In a preferred embodiment, a pad insulating layer 33 is formed over semiconductor layer 14. The pad insulating layer 33 may comprise a 400Å oxide which is either deposited or thermally grown.

A mask layer 32 is formed on the surface of layer 14. The mask layer 32 is patterned using known photolithographic techniques.

D-well structure 20 and n region 16 are formed in the regions of layer 14 which are exposed by the openings in mask layer 32. In the preferred embodiment, the n region 16 is formed by diffusing arsenic and the p region 20 is formed by diffusing boron. In the preferred embodiment, these diffusions are performed simultaneously. As is known in the art, arsenic does not diffuse as quickly as boron. The boron and arsenic impurities may have been implanted through pad oxide 33 and into the layer 14 prior to the diffusion step.

After the n and p structure is formed, the mask material 32 is removed. A second mask (not shown) is then formed and patterned. A field insulating region 24 is formed in regions defined by this second mask (not shown). The field insulating regions 24 are illustrated in FIG. 3. In the preferred embodiment, the field insulating regions 24 are formed by thermally growing an oxide to form a field oxide 24. The thickness of the field insulating region 24 may vary greatly.

After the second mask (not shown) is removed, a dummy insulating layer 34 is formed. The dummy insulating layer 34 may preferably be formed by thermally growing an oxide or alternatively by depositing an oxide or a nitride.

A blanket implant is performed next to form shallow extension regions 22. Boron is the preferred impurity but other dopants such as aluminum or gallium may alternatively be used. It is noted that since no mask is used, the light boron dose will be implanted throughout all the semiconductor regions. This small amount of additional impurities should not effect overall device operation. In the preferred embodiment, the boron is implanted with an energy level of about 30 keV and with a dosage of about 3×1011 /cm2.

The use of a blanket implant step provides an advantage in some process flows, such as a CMOS process flow, in which other devices are being simultaneously formed and already use this implant. In this type of situation, being able to use a blanket implant provides a significant advantage since no additional masking steps are required. In other words, even if the structure did not provide any performance advantages but provided a parity performance, an advantage is attained by having a simpler process flow.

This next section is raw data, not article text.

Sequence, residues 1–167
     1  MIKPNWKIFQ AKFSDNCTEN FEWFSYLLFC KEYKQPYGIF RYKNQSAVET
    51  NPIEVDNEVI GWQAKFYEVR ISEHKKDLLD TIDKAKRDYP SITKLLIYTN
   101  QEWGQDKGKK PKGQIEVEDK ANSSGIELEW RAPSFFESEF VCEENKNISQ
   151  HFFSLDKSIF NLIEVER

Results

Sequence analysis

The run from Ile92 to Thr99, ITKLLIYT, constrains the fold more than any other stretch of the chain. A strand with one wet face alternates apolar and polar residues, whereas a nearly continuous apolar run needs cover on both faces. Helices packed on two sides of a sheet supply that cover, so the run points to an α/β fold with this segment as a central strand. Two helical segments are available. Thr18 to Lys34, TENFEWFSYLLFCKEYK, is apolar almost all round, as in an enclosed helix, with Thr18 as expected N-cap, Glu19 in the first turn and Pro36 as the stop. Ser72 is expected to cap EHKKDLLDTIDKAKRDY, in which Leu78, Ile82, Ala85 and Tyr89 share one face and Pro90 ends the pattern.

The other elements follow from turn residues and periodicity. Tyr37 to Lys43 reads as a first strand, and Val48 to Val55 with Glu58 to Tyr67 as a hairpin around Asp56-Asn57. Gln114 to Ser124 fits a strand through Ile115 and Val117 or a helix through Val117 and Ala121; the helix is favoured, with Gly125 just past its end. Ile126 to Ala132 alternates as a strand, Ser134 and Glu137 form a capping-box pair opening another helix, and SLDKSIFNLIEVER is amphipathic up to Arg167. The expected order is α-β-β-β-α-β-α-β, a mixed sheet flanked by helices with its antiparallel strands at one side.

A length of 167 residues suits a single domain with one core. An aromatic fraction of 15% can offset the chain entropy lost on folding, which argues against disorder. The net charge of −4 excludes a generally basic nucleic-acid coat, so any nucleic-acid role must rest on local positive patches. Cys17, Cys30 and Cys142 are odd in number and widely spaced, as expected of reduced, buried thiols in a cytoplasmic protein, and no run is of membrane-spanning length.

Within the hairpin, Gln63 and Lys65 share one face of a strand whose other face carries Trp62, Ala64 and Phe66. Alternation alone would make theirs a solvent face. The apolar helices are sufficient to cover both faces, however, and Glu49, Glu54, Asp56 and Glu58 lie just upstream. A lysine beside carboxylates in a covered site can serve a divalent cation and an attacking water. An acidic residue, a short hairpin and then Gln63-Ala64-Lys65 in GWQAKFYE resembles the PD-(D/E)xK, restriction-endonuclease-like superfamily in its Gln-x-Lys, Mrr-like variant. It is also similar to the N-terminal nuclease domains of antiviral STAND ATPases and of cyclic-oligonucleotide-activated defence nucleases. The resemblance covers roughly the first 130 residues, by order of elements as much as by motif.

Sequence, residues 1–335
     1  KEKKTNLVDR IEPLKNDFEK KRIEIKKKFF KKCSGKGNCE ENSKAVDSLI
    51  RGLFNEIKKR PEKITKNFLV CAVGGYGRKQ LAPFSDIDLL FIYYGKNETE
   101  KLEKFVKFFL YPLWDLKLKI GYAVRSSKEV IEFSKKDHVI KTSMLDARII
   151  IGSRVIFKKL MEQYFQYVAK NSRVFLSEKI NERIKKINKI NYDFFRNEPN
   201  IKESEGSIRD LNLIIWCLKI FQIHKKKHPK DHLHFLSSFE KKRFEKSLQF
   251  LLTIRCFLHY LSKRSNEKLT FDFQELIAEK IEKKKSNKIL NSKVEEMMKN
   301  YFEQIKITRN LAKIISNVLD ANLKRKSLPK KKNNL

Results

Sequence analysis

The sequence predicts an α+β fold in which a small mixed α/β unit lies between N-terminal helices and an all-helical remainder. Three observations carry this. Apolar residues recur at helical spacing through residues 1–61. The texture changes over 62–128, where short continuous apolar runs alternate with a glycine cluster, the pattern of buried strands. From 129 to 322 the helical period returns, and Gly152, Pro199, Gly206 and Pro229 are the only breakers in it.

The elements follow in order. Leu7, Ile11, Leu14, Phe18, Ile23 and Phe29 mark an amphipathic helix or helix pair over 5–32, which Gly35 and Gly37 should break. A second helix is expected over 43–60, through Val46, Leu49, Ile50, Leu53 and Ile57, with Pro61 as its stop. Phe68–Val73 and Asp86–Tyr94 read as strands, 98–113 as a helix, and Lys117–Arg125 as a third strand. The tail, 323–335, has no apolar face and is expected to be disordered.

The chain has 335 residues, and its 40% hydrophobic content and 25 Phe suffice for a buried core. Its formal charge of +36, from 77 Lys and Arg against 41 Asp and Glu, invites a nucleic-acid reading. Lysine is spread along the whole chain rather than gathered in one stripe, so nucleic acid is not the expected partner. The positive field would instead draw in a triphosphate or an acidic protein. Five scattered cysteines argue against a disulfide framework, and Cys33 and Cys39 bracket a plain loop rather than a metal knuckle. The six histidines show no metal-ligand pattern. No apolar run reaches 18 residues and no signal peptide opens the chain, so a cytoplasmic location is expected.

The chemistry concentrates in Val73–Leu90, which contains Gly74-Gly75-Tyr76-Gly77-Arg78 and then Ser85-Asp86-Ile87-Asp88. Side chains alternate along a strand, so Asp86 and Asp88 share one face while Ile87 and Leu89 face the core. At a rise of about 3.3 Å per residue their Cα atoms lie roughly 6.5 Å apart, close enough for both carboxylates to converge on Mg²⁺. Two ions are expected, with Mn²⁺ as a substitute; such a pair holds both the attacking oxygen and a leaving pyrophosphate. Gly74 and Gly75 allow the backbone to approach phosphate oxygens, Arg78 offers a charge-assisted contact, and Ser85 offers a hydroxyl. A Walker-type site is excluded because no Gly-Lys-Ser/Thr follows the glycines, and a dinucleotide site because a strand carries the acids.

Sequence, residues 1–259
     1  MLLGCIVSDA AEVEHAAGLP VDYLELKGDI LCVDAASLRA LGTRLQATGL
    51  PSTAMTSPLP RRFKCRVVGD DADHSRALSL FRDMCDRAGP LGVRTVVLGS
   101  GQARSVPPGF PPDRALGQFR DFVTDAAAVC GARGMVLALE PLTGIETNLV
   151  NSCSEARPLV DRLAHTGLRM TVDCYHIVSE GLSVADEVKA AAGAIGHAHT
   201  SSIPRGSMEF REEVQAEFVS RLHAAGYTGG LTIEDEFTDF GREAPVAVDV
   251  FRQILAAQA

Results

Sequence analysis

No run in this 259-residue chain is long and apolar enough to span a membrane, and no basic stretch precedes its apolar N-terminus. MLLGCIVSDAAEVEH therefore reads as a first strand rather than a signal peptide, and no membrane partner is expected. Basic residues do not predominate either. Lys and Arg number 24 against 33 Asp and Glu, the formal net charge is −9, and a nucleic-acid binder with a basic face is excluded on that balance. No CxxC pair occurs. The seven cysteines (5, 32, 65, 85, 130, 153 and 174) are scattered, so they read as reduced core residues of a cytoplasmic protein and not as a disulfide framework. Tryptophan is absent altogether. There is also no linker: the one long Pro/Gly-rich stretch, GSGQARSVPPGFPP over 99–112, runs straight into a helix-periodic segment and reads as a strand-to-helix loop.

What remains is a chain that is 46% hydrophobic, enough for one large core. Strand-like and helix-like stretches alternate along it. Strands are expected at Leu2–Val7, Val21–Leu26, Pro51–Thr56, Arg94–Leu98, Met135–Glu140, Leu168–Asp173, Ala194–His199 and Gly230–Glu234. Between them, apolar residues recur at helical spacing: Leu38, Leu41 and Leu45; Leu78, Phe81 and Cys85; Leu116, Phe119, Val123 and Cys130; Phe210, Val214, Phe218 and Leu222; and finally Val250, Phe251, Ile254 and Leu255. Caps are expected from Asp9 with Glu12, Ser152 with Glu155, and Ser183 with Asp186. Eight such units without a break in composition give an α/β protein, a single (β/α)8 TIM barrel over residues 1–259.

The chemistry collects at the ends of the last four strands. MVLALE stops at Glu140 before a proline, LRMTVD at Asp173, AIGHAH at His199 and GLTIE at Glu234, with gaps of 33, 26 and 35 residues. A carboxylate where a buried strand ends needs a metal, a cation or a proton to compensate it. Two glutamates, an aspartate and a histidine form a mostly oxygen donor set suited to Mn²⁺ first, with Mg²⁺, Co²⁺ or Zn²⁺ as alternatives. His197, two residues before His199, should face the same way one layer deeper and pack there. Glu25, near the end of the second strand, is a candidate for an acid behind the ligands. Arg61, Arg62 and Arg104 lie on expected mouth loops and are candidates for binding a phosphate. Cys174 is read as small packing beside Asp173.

Referring now to FIG. 4, the dummy insulating layer 34 is removed and gate dielectric 28 is formed. In the preferred embodiment, gate dielectric 28 is a thermally grown oxide such as silicon dioxide. The gate dielectric may be between about 100 Å to 1000 Å thick and is preferably about 500Å. In other embodiments, the gate dielectric may be deposited and may comprise oxide, nitride or both, as examples.

A blanket layer of gate electrode 26 material is next formed. In the preferred embodiment, a layer of polysilicon is deposited and may be between about 1500Å and 10,000 Å thick. The gate electrode is preferably n-type doped by diffusing a dopant such as phosphorus. For example, a gaseous POCl3 source may be used. Alternatively, the gate electrode may be implanted or may be in situ doped during the deposition step.

The gate layer is then patterned and etched to form gate electrodes 26. Preferably, the edge of the gate electrode 26 is past the junction of regions 16 and 20. Accordingly, the gate electrode 26 extends over a portion of n region 16, a portion of D-well 20, extension region 22 and over field insulating region 24.

Another mask (not shown) is then patterned to form the more heavily doped portion of source 16 and the drain 18. The resultant structure is illustrated in FIG. 5. As illustrated, the source region 16 comprises a more heavily doped portion as well as a lightly doped source region which underlies gate 26.

Referring now to FIG. 6, more heavily doped body region 30 is formed between D-well 20a and D-well 20b. The body region 30 serves to connect the adjacent D-well regions and forms a good body contact.

The final steps in the fabrication flow have not been illustrated. As is known in the art, contacts, interconnects, insulating layers and protective overcoat are formed to couple this device to other devices in the circuit.

While this invention has been described with reference to illustrative embodiments, this description is not intended to be construed in a limiting sense. Various modifications and combinations of the illustrative embodiments, as well as other embodiments of the invention, will be apparent to persons skilled in the art upon reference to the description. It is therefore intended that the appended claims encompass any such modifications or embodiments.